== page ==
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Metal-On-Metal Hip Implants May Pose Serious Risks

An estimated 250,000 hip replacements are done every year in the United States, some of them using medical devices known as metal-on-metal implants. These implants are still being used, despite known risks. Countless patients have had to go back under the knife repeatedly for issues with “MoM” implants, putting orthopedics makers under a spotlight and surgeons in a hot-spot.

According to the FDA, these metal-on-metal implants don’t always cause problems, but when they do, the results can be painful and life-changing. The issues occur when metal from the implants comes loose, sending particles throughout the body. Tissue and bone can be permanently damaged by these particles.

Pain, a loosened device, implant failure, and the need for revision surgery are all possibilities when the metal breaks down.

Because the FDA says there is no way to predict who will have an adverse reaction to the MoM implants and who will handle them well, orthopedic surgeons have a responsibility to use them sparingly and with caution.

It’s estimated that 1 in 3 patients with this type of hip replacement will have adverse effects. This means thousands, considering the number of hip replacement surgeries done each year.

Makers of MoM implants say there is no danger, which stands in contrast to countless bodies of research.

The metal particles shed from these devices can be so small that they enter the bloodstream. While pain is the first sign your implant is failing, there are others. According to the FDA, symptoms of device failure include:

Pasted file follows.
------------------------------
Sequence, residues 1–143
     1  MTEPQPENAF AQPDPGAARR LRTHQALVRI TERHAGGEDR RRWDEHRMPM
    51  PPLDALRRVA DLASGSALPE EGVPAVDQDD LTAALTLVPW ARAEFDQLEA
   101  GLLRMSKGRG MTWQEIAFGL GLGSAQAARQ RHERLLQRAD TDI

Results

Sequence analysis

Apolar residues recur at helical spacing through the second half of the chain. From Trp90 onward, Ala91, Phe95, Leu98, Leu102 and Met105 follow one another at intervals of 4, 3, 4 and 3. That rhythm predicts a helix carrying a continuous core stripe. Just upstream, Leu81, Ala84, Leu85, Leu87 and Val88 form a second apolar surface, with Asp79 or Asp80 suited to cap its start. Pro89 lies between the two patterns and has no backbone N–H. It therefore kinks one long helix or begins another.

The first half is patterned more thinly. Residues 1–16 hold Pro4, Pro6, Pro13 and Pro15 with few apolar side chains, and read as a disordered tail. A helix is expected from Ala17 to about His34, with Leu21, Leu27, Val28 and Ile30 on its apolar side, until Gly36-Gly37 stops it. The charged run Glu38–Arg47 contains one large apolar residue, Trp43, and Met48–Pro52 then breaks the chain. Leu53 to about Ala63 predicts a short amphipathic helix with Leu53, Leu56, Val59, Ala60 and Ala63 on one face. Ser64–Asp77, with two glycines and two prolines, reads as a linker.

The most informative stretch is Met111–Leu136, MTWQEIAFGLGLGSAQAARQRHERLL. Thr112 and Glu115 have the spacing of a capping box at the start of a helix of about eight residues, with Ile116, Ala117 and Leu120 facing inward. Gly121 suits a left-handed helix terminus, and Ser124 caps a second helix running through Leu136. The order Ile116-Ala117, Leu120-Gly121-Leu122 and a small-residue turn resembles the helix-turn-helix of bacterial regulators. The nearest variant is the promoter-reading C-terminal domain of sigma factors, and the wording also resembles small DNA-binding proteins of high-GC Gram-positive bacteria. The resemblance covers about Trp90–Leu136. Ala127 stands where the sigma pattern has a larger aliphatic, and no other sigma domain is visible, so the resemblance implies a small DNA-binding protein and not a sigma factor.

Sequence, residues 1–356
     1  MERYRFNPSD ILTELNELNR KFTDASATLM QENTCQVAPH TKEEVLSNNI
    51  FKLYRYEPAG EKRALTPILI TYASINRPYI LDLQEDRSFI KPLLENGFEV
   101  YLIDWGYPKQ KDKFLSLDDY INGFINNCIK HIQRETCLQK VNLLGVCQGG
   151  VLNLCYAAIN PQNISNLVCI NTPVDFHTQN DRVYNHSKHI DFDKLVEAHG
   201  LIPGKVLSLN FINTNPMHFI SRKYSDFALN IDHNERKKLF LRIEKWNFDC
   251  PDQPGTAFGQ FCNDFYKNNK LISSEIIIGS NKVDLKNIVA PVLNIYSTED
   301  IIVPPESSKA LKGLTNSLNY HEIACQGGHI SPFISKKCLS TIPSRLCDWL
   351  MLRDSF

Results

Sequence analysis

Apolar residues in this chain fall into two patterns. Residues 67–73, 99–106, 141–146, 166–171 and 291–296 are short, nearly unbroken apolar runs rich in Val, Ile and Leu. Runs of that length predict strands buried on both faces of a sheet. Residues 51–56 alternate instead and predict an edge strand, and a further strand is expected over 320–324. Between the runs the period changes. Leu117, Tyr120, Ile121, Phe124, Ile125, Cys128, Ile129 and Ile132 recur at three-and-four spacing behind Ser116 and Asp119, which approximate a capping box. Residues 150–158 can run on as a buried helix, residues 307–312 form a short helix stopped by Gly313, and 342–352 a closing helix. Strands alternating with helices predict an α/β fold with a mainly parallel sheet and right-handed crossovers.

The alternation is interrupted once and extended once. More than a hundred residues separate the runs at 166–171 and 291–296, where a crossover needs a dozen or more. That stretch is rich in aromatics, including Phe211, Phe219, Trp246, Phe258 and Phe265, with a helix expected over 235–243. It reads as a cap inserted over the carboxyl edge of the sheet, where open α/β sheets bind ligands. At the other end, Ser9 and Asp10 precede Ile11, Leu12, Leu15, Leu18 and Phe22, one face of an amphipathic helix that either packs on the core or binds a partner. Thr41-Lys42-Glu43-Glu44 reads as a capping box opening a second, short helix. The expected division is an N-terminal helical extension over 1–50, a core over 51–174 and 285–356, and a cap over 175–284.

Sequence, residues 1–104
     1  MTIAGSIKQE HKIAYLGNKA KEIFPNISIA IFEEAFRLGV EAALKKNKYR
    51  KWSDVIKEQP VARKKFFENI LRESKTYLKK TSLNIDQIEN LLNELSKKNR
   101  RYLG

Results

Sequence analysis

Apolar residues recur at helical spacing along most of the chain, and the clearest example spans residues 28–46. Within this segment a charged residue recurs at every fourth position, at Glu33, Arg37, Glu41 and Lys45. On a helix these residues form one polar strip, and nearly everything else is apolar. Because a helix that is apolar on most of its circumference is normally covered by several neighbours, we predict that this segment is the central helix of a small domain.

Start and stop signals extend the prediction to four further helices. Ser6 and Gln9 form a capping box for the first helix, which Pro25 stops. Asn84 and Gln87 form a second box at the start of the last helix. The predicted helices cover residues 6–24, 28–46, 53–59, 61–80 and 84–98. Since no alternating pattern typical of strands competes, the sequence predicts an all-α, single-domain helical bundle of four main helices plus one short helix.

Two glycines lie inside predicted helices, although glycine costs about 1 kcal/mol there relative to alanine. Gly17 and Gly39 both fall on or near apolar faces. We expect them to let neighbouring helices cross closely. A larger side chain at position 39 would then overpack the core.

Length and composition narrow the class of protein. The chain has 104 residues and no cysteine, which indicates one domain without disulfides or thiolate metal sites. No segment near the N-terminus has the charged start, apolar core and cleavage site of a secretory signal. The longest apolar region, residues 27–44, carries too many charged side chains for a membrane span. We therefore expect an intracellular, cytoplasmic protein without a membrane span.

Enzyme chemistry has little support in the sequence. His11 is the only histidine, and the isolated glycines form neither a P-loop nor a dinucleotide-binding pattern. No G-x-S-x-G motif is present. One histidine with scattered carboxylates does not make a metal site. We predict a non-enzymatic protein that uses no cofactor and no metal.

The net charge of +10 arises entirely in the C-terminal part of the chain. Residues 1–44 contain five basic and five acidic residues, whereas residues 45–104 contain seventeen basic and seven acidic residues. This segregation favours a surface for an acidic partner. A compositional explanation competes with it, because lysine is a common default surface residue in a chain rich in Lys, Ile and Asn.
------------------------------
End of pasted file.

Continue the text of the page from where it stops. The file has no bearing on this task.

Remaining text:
• Rashes
  • Cardiomyopathy
  • Sensory changes (in sight and hearing)
  • Thyroid dysfunction
  • Renal dysfunction
  • Psychological problems (depression or cognitive impairment)

Anyone experiencing adverse symptoms following an MoM hip replacement surgery should immediately contact an orthopedic specialist for evaluation. Blood tests can check for metal ions in the blood, and soft tissue imaging can reveal damage around the implant.

Hundreds of thousands of people go under the knife each year to reduce pain and increase mobility—never thinking their surgery could actually make things worse. While every surgery has its risk, a growing amount of research shows that these MoM implants are far more dangerous than initially suspected.

If you’ve suffered after receiving a metal on metal hip replacement, the attorneys with Davis, Saperstein & Salomon, P.C., may be able to help. We are investigating injuries related to these medical devices. Contact us today to discuss your case and how we might be able to help.